Monday, July 11, 2016

English Folk Art at its Best

QUESTION: I’ve long admired 19th-century Staffordshire figures, but don’t know much about them. Recently, I saw one that I can afford in a local antique shop. But before I get hooked on collecting these folk art pieces, I’d like to know more about them. Can you help me?

ANSWER:  Staffordshire figures have always been very popular with collectors. You can find some pieces, such as cow creamers and pen holders modeled in the shape of a bird's nests, as well as greyhounds, foxes, and hares, selling for less than $100. Sometimes, you can find an early 19th-century figure for sale at a reasonable price. But beware of fakes.

A handful of pottery families made Staffordshire figures. With their simple modeling and vivid coloring, they depict the changing social history of the 19th century, both pre-Victorian and later. Today, portrait figures of famous historical persons grace both Queen Elizabeth’s collection at Buckingham Palace as well as the reception rooms of the Prime Minister's residence at Number 10 Downing Street.

A good example is a late-18th-century Wood type creamware figure of St. George and the dragon. The Wood family of Staffordshire potters worked between 1754 and 1846. They typically modeled and painted this figure with colored glazes of brown, ochre, and green.

Another excellent example is a Pearlware figure of St. Paul modeled seated and holding the Gospel. Pearlware is a white, harder, more durable form of pottery, believed to contain a higher proportion of pipeclay and flint. The glaze on this piece is  blue with a touch of cobalt. Potters painted it in blue overglaze enamels, with lesser areas in puce and green. Made between 1820 and 1830, it bears the impression of the word "Paul."

The popularity of Staffordshire figures received a boost in the UK after the last war. Rising prosperity meant that wealthier members of the population could afford to buy a country cottage as a weekend retreat. People were looking for suitable rustic ornaments for their newly acquired country cottages and Staffordshire pieces filled the need nicely.

Cow creamers in typical primitive Staffordshire modeling, can be expensive. A typical one on a rectangular mound base can sell for nearly $200. However, an unique item such as a Pearlware candlestick modeled as a Cupid, standing wearing loose drapes and holding a bow and quiver can sell for nearly $400.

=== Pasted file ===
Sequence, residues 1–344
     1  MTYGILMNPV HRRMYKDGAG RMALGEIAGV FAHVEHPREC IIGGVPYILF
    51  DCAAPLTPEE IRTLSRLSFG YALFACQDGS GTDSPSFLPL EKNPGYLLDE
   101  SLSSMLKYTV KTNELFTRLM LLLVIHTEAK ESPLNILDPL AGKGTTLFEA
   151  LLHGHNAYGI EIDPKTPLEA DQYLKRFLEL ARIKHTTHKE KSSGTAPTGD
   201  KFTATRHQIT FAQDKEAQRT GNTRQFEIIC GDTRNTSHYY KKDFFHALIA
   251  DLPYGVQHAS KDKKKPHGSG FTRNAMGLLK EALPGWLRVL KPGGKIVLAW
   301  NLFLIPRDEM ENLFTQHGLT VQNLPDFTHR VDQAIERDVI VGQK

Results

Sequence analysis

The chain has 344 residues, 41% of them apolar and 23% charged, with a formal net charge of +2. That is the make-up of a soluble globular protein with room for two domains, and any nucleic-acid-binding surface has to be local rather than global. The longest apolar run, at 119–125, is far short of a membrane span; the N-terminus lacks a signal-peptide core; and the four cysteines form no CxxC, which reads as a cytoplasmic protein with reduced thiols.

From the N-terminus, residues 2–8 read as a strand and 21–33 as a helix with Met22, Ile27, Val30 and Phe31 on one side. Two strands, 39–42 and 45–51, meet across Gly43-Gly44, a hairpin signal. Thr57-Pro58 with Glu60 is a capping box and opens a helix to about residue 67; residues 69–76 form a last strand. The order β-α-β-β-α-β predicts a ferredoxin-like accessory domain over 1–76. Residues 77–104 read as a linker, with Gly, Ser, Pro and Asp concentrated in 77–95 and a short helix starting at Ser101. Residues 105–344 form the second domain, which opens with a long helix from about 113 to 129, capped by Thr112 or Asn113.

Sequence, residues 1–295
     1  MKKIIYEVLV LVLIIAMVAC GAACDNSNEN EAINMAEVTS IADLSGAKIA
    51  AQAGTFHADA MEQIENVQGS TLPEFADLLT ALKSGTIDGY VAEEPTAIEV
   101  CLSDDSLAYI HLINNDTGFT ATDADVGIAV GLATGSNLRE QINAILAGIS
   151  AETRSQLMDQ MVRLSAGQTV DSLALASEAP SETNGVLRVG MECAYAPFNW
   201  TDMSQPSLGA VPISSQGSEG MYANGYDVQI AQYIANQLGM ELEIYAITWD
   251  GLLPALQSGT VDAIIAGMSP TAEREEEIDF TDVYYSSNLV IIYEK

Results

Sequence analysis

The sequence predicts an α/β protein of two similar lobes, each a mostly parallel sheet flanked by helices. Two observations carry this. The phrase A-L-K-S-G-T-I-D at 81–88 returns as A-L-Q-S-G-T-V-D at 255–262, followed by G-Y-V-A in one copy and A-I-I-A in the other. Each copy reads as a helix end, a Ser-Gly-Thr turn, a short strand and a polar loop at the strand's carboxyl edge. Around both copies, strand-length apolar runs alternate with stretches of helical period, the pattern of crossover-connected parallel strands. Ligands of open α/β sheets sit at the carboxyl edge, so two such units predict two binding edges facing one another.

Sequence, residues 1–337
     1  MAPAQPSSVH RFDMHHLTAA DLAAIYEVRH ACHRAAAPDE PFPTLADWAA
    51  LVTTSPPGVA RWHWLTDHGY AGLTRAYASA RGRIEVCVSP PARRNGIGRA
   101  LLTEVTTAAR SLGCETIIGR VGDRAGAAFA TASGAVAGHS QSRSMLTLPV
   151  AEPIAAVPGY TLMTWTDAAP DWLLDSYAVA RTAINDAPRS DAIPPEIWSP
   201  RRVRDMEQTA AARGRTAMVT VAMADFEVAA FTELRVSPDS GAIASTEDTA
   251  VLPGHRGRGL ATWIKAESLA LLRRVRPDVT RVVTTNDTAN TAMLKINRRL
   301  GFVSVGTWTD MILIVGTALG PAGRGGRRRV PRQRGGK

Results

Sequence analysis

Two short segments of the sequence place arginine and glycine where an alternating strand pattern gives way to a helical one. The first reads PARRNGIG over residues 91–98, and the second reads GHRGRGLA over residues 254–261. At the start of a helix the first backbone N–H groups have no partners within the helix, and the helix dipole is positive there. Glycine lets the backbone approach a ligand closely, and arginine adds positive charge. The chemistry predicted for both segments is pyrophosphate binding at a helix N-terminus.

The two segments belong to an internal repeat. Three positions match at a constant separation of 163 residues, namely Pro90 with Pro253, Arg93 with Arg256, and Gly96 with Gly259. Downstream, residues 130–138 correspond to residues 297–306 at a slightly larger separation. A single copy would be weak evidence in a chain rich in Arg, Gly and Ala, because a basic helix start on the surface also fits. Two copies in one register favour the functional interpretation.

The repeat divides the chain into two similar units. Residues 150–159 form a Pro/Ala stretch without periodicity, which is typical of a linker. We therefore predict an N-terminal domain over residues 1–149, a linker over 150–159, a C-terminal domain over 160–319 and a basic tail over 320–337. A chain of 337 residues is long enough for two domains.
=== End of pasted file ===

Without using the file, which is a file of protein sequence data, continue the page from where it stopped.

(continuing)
But the cream of the crop are the identifiable historical figures such as a figure of John Liston as "Paul Pry" the comedian, modeled standing and wearing a top hat, stock, striped waistcoat, breeches, and Hessian boots which can sell for nearly $800.

With the coming of the Victorian period there was a definite change in the modeling of Staffordshire figures. Pottery manufacturers realized that what people wanted were portrait figures, as well as figures commemorating special events. They often modeled these figures standing or leaning on a marbled plinth.

Up until about 1860, deep cobalt blue was the favorite color used on figures, particularly for uniform coats. Around 1880, pottery makers began using a new liquid gilding or "bright gold" in the firing process.

They increasingly used child labor to paint the pieces in order to meet the demand and keep costs down. These later figures tend to lack to the precision of the earlier ones. Also, potteries molded the later 19th century figures with "flat backs" with the shaping concentrated at the front and sides to make them easy to place on fireplace mantels.

Popular Victorian heroes depicted in brightly colored Staffordshire pottery were so well known in their day to those who bought them that the potters didn’t always bother to add names to them. Because of this, you may find you’ll have to do a little research in order to identify some pieces.

You should be careful if you plan to begin collecting Staffordshire figures because many of the ones for sale today have been made from 19th-century molds. Many of these came from William Kent Porcelains Limited, up until 1962. These reproductions of Victorian figures, usually referred to as "Kent copies," are usually lighter in weight than the originals made from the same molds.

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